How Much Money Each College Can Receive From the CARES Act

The U.S. Department of Education building is pictured in Washington on April 2, 2020.

The spreadsheet at this link provides data on the amount of funding that each U.S. higher education institution can receive from the Coronavirus Aid, Relief, and Economic Security (CARES) Act, according to the U.S. Department of Education. The CARES Act was signed into law on March 27, 2020, and provided colleges with the most direct federal funds in a single year since the Great Recession. Nevertheless, additional funding is needed, as an issue brief from the Center for American Progress recently detailed.

This spreadsheet combines data on the roughly $12.5 billion awarded to institutions via the formula created by Congress in the CARES Act with the more than $1 billion awarded to minority-serving institutions and low-resourced colleges. The spreadsheet also combines allocation data reported by the Department of Education with data from the Integrated Postsecondary Education Data System and the Federal Student Aid Data Center to provide additional data on the colleges that have received funding, including their numbers of Pell Grant recipients; their enrollment levels; the states in which they are located; the types of institution they are; and other data, including CAP-calculated amounts of funding per student.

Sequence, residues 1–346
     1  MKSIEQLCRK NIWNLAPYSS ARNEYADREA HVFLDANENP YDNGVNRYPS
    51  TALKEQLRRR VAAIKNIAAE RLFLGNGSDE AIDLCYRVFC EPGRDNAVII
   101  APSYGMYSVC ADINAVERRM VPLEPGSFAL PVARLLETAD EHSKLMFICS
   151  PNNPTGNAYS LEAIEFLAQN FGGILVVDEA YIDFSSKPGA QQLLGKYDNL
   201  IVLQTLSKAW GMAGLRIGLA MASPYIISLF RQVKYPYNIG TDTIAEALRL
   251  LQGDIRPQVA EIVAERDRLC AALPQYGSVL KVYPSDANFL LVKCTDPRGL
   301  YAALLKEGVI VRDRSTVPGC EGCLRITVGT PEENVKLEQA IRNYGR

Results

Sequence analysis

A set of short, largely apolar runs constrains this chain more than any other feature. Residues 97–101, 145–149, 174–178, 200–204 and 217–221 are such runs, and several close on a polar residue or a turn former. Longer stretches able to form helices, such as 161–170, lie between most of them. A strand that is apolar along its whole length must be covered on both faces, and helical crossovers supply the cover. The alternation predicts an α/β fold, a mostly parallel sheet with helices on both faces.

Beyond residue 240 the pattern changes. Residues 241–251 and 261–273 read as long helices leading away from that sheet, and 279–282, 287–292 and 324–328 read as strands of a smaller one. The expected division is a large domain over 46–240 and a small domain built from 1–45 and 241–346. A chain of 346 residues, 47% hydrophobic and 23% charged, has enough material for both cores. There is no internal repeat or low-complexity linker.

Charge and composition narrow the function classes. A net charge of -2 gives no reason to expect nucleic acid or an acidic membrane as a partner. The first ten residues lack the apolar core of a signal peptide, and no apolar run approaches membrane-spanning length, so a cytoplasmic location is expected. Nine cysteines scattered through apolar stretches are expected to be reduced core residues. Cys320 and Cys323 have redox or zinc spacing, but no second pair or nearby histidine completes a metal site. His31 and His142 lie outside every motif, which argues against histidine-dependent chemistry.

The CARES Act formula allocates 75 percent of the funds based upon an institution’s share of all Pell Grant students nationally. It allocates the other 25 percent based upon an institution’s share of all non-Pell Grant recipients nationally. Both populations are based on what is known as full-time equivalent enrollment, which, for example, treats two half-time students as akin to one full-time student.

This funding formula, however, is imperfect. Among other things, using full-time equivalent enrollment results in less money flowing to community colleges because they have large numbers of part-time students. The CARES formula also resulted in the awarding of more than half a billion dollars to cover operating expenses at private for-profit colleges, a poor policy choice given that the selling point of these institutions is their ability to prove private market interest. To learn about how to improve the CARES Act formula in future federal legislation, read CAP’s recent issue brief, “A Better Formula for Higher Education’s Federal Coronavirus Funding.”

Ben Miller is the vice president for Postsecondary Education at the Center for American Progress.

To find the latest CAP resources on the coronavirus, visit our coronavirus resource page.